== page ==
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Diabetes and me: 1975 to 2022

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Picture of Helen as a child. Helen has light brown hair in a ponytail, wearing a blue pinny and striped tie
Helen as a child when she was diagnosed with diabetes.

I started Diabetes Week with a 5 kilometre jog, had a roast beef dinner in the middle and ended with a lovely evening in the pub with friends. A normal Sunday – except I spent it making sure there were jelly babies in every bag; with tubing into my stomach giving me insulin via a pump that I regularly have to adjust; a glucose sensor attached to my arm; and I had to wake up in the middle of the night to scan and calculate the value of everything I’d eaten and drunk that day. 

October 1975 saw a low-key boxing match called the Thrilla in Manila, the birth of Kate Winslet and the dawn of a political dynasty through the wedding of Hillary Rodham and Bill Clinton. Meanwhile, in a small Yorkshire market town, a worried Mr and Mrs Lazarus took their skinny, tired little girl to the family doctor, commencing a 45-year duel against my non-functioning pancreas.

I don’t remember very much about my diagnosis with Type 1 diabetes – just feeling sick climbing the hill up from school and Mum exclaiming that she could count my ribs.

I remember a week in the hospital learning how to inject myself with a glass and steel syringe, having a chemistry set to test my urine, weighing all my food. Through my regular visits to the local hospital, I got to know the staff, ended up making great friends and getting a hospital radio show!

Various equipment used to treat diabetes over the past couple of decades. Top left includes old syringe boxes, metal syringes in a metal case and packaging.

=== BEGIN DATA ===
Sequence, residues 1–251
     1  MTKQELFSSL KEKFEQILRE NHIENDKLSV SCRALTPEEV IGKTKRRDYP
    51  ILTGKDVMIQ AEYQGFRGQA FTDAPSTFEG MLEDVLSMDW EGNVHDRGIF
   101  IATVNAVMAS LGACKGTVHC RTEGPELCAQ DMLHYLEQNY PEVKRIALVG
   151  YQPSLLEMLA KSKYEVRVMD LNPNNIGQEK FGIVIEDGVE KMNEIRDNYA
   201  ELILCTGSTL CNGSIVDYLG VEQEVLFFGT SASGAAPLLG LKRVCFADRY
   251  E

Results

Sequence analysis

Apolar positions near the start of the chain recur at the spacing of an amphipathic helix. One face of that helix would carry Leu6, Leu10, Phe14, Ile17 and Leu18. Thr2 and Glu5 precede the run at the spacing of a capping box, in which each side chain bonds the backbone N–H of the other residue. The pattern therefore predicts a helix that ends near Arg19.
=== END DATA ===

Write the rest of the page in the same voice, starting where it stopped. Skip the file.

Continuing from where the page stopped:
Example of equipment used over the decades to treat diabetes.

For the first 25 years of diagnosis, I was “treated” for my diabetes. I turned up to hospital 4 times a year to have my wrists slapped, suffered terrible night hypoglycaemia (low blood sugar) and was repeatedly warned of the risks of going blind and getting amputated. The idea of being “trained” in the management of my condition wasn’t offered and never occurred to me and, therefore, I did the minimum necessary. Moving my care to a central London hospital was a revelation. I was introduced to carb-counting and the potential of medical technology, and I learnt that (contrary to my long-held beliefs) the more attention I paid to my diabetes, the more freedom and flexibility I gained. Now, I wouldn’t swap my insulin pump for all the proverbial tea and I love my glucose sensor.

Timeline from 1980 showing first model of blood glucose checking machines and injection pens; in the 1990s watch and mini blood glucose checking equipment; to the 2000s with digital phone like technology.
Timeline from 1980 to present day showing the development of diabetes equipment and technology.

The rise of Type 2 diabetes and largely inaccurate reporting by the mainstream press has led to a growth in stigma. Now, comments such as “but you’re not that fat” are commonplace and there’s an assumption that my lifestyle has caused my condition. I did encounter some teasing when I was young for being different, but it must be very tough these days for child Type 1 diabetics and their parents to have to deal with that growing social stigma. Whilst Type 2 is often related to weight and diet, they are only increased risk factors, not causes themselves.

A little more understanding and a little less judgement wouldn’t go amiss.

One of the difficult aspects to explain to a non-diabetic is the unrelenting nature of our condition. It’s not something we treat twice a day then forget about. It is an intrinsic part of me, affected by stress, hormones, exercise. It’s difficult to imagine not having Type 1 diabetes. I would gain time every day, have more room at home, be less friendly with my local chemist and travel lighter. But, my mental arithmetic ability would decline, I’d have to find something else to be vocal about on Twitter and sales of jelly babies would inevitably suffer.

So, if I say I’m going low in a Zoom meeting, suddenly start swiping my arm with my phone, or grab some jelly babies, you might understand that I’m just managing my hidden disability. The better I get at paying my diabetes the attention it deserves, the better my diabetes treats me  – a normal life possibly, but definitely not ordinary.

Helen smiling with blonde hair wearing a black jacket and white shirt
Helen Lazarus

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